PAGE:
Home Assistant / Templating


YAML is (mostly1) great for configuration that is easily parsed by both computers and people, and Jinja is a decent templating language. But using Jinja inside of YAML is kind of a terrible way to program. It's a half solution, that combines the worst of both and not a whole lot of the good parts.

Selecting entities

We have a good naming standard, and its more useful if we use it. Unfortuantely, Jinja is a bit limited at working with iterators as it lacks list comprehensions like standard Python has.

Selecting based on entity_id

Jinja provides a useful collection of filters2, and we can match entity_id using filters and regular expressions. This selects all media_player.sonos_ entities:

{{ expand(states.media_player)
   | selectattr("entity_id", "match", "^media_player\.sonos_") }}

And this selects all light.bedroom_ entities:

{{ expand(states.light) | selectattr("entity_id", "match", "^light\.bedroom_") }}

The selectattr filter3 (and its inverse rejectattr) accepts an iterator and a test (argument passed as a string, here "match") to each item, filtering the list.

The regex tests used in the filter are direct mappings to the the Python Standard Library module re4, "match" is equivalent to re.match.

Likewise, you can also use "search":

{{ expand(states.light) | selectattr("entity_id", "search", "light\.bedroom_") }}

This is equivalent to using re.search.

Note that match requires you to match the string from the start so this won't match anything:

selectattr("entity_id", "match", "\.bedroom_")

Instead you need to do:

selectattr("entity_id", "match", "^.*\.bedroom_")

# you can drop the ^ token, this will also match
selectattr("entity_id", "match", ".*\.bedroom_")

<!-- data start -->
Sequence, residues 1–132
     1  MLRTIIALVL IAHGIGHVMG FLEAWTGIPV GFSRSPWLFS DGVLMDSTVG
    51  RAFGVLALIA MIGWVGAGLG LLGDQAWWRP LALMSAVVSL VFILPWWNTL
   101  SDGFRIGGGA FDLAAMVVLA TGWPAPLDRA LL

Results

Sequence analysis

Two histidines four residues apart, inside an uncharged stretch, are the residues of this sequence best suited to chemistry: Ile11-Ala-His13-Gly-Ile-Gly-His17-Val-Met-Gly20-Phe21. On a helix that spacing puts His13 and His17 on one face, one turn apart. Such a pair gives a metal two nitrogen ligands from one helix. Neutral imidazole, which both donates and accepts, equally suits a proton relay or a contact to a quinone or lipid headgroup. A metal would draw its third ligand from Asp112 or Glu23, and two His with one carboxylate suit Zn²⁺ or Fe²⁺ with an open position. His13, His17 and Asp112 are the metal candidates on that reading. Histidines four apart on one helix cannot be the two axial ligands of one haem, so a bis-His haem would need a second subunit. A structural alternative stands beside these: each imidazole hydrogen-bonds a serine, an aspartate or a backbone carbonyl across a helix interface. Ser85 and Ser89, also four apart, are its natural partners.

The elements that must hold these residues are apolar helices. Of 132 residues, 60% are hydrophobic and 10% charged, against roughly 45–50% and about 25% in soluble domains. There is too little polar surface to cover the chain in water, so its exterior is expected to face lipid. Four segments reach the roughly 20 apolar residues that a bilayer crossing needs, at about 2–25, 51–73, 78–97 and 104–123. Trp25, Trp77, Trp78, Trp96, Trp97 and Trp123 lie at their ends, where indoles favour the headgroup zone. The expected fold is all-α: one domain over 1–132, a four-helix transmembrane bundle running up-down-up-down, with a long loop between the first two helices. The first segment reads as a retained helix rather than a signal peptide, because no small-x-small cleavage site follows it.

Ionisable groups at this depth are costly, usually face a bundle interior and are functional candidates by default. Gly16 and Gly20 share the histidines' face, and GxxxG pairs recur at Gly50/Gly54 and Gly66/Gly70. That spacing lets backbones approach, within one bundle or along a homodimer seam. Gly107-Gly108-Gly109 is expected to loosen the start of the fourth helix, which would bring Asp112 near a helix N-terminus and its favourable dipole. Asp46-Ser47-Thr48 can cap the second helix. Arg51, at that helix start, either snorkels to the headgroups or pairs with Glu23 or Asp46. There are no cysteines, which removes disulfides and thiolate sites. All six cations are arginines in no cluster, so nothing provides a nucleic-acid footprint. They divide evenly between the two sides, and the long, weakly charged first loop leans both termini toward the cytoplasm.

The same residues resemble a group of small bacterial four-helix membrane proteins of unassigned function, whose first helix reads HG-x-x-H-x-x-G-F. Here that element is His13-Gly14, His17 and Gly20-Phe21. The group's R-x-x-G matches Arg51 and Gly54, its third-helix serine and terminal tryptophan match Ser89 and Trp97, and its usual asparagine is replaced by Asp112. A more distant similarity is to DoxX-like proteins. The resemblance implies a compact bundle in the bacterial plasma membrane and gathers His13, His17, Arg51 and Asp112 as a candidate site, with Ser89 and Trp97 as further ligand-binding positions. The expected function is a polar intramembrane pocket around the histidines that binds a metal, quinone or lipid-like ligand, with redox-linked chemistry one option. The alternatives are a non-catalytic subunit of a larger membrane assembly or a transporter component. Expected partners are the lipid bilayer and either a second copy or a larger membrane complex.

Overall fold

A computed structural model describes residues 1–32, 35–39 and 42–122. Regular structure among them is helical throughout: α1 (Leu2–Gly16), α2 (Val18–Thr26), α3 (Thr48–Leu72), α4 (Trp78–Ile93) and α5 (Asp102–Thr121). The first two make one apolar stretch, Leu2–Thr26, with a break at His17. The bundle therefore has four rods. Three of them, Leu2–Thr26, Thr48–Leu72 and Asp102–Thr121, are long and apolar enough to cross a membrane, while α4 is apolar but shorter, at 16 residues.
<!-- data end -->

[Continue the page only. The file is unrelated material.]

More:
Using search, the regex doesn't need to match from the start of the string, and you can use:

selectattr("entity_id", "search", "\.bedroom_")

Using search, you don't need to match the literal . after the domain, since for example "bedroom_" is a valid regex. However that could match other entities that don't start with "bedroom_", something like sensor.foo_bedroom_bar or sensor.notbedroom_foo will also match.

Technically we don't need to expand(states.light) since the regex is already matching the light domain, so this can be shortened:

{{ expand(states) | selectattr("entity_id", "match", "^light\.bedroom_") }}

# less iterating, more regex
{{ expand(states.light)
   | selectattr("entity_id", "match", "^.*\.bedroom_[a-z_]+$") }}

We don't actually need to use expand either. These work equally well though, and all return the same entities:

# using re.match
{{ states | selectattr("entity_id", "match", "^light\.bedroom_") }}
{{ states.light | selectattr("entity_id", "match", "^.*\.bedroom_") }}

# using re.search
{{ states.light | selectattr("entity_id", "search", "\.bedroom_") }}

The Home Assistant documentation on templating5 uses expand, so I've tried to stick with it).

Selecting based on domain

It's also possible to filter based on the domain attribute, if you are tolerant to passing operators as strings/data:

{{ expand(states)
   | selectattr("domain", "==", "light")
   | selectattr("entity_id", "match", "^.*\.bedroom_") }}

If you are fine with using string-aliases for operators, you can also write this as selectattr("domain", "eq", "light"). This is arguably even worse, but you'll inevitably find a whole bunch of examples on the Home Assistant forums using notation like this.

Selecting based on area

You can also select based on areas, and this actually feels more natural in the Home Asssitant templating. But assigning devices or entities to areas can only be done in the UI and cannot be managed in code, which kind of negates that.

The first building blocks to using this are area_entitites and area_devices. This will return generators with all entities for an area, and all devices for an area respectively:

{{ expand(area_entities("bedroom")) }}
{{ expand(device_entities("bedroom")) }}

If you want to get all light entites in an area:

{{ expand(area_entities("bedroom") | selectattr("domain", "==", "light") }}

Which doesnt rely on the entity_id following a naming standard, but does rely on it having been assigned to the correct area in the UI.